Is Hanukkah merely a holiday telling us a heroic story of battles won and political victories gained, like the American Fourth of July or the French Fourteenth of July? A political event, even one of the greatest importance, can be celebrated only as long as the people view it as a turning point in history, the beginning of a new epoch in independence, and so long as one still enjoys that independence, as, for example, Independence Day in America.
However, a political victory loses its meaning when the people later lose their independence and the victory ends in a downfall. If Hanukkah had been simply a holiday of political freedom, its whole meaning would have evaporated with the destruction of the Temple and the exile of the Jewish people.
Where is the logic in celebrating Hanukkah during thousands of years of exile, martyrdom, ghettos, pogroms, and suffering? Could one celebrate a holiday of political freedom when the condition of Jews was the very opposite of freedom and independence? How small and worthless do the Maccabean victories seem when compared to the cruel political downfalls that we have suffered?
The Talmud states: “Megillat Ta’anit has been annulled … But Hanukkah is different because there was then a public demonstration of God’s miracle” (Rosh ha-Shanah l8b). Hanukkah is celebrated today, and that is a sign that the holiday, and its commemoration of God’s miracles, belongs to the group of Jewish holidays that have Passover as their pinnacle. These holidays are based on an everlasting value, which no political destruction or military downfall can erase.
If the Halakhah chose to establish Hanukkah as a holiday to be observed whether or not the Temple stands, that is a sign that the Hanukkah that exists for generations, like Passover, holds within it the secret of the eternity of Israel. The Hanukkah of political freedom, so popular with all, was annulled long ago with the destruction of the Temple, like all the other holidays of the Second Temple era that were mentioned in Megillat Ta’anit. It would seem, then, that the greatness of Hanukkah consists not so much in the importance of the miracles that occurred ba-yamim ha-hem, in the days of yore, over two thousand years ago, but most importantly ba-zeman ha-zeh, in our times, in the meaning of the ancient miracle for the here-and-now, which no destruction can annul or diminish.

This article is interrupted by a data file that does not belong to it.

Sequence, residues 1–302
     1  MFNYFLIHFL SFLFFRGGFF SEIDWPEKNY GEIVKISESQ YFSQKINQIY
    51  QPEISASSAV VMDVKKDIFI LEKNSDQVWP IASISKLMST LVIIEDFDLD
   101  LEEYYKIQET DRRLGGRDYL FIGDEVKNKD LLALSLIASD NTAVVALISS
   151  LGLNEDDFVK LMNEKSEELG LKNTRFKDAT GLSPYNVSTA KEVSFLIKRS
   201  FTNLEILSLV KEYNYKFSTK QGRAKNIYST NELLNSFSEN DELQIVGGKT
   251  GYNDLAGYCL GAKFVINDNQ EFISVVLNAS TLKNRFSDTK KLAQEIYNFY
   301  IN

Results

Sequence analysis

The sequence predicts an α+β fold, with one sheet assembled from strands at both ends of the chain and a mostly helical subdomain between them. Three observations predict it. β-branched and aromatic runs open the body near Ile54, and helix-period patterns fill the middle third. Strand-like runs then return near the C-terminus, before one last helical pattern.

Actually, there is a general misconception about the motivation for the Hasmonean uprising. The revolt of Matityahu the High Priest and his sons was not a response to political pressure. From the time of Ezra until that of Matityahu, the kingdom of Israel had never been politically independent. In the beginning it was under the influence of Persia, then of Egypt. Later it was part of Alexander the Great’s empire, and after his death it came under Syrian-Greek sovereignty. If the only issue had been political sovereignty, the revolt would never have broken out; the Jews would have continued to accept their suffering “with love” and would have waited for the eventual complete redemption.
The conflict with the Greeks was a different matter entirely. The Greeks hated the Jews’ spiritual essence, their worldview, their peculiarity, their being different—in short, their Torah. The motive for their hatred was Haman’s complaint: “Their laws are different from those of every people” (Es. 3:8); “they depart from the laws of the king to observe their own” (Megillat ha-Chashmona’im 7). Therefore, the Greeks were not satisfied with political pressure. They began to meddle with the intimate realm of human life, the Jewish people’s connection to God, and began to conduct their battle on a new ground: that of religion.
It was this persecution of religion that distressed the Hasmoneans and fanned the flames of battle. Our Sages put it well: “What is [the reason for] Hanukkah? … When the Greeks entered the sanctuary, they defiled all the oil that was there …” (Shabbat 21b). The reason for the great revolt was the Greeks’ entering the sanctuary, the Jewish Temple, and defiling all the oil, bringing in their pagan cult and weakening the holiness of Israel—its Sabbath, its laws of modesty and family purity. The war broke out because of the Temple, not only because of political freedom.
This being the case, the victory did not consist so much in political achievements as in religious freedom, in the purification of the Temple and re-kindling the eternal Jewish light: “And thereupon Your children came into the sanctuary of Your house, and cleansed Your Temple, and purified Your sanctuary, and kindled lights in Your holy courtyards” (Al ha-Nissim). It is true that political freedom was also achieved, but that was not the major point. The political holiday was the temporary Hanukkah; the Hanukkah for generations is a holiday of purifying the Temple and of lighting candles.
Excerpted from Day of Deliverance: Essays on Purim and Hanukkah by Rabbi Joseph B. Soloveitchik.
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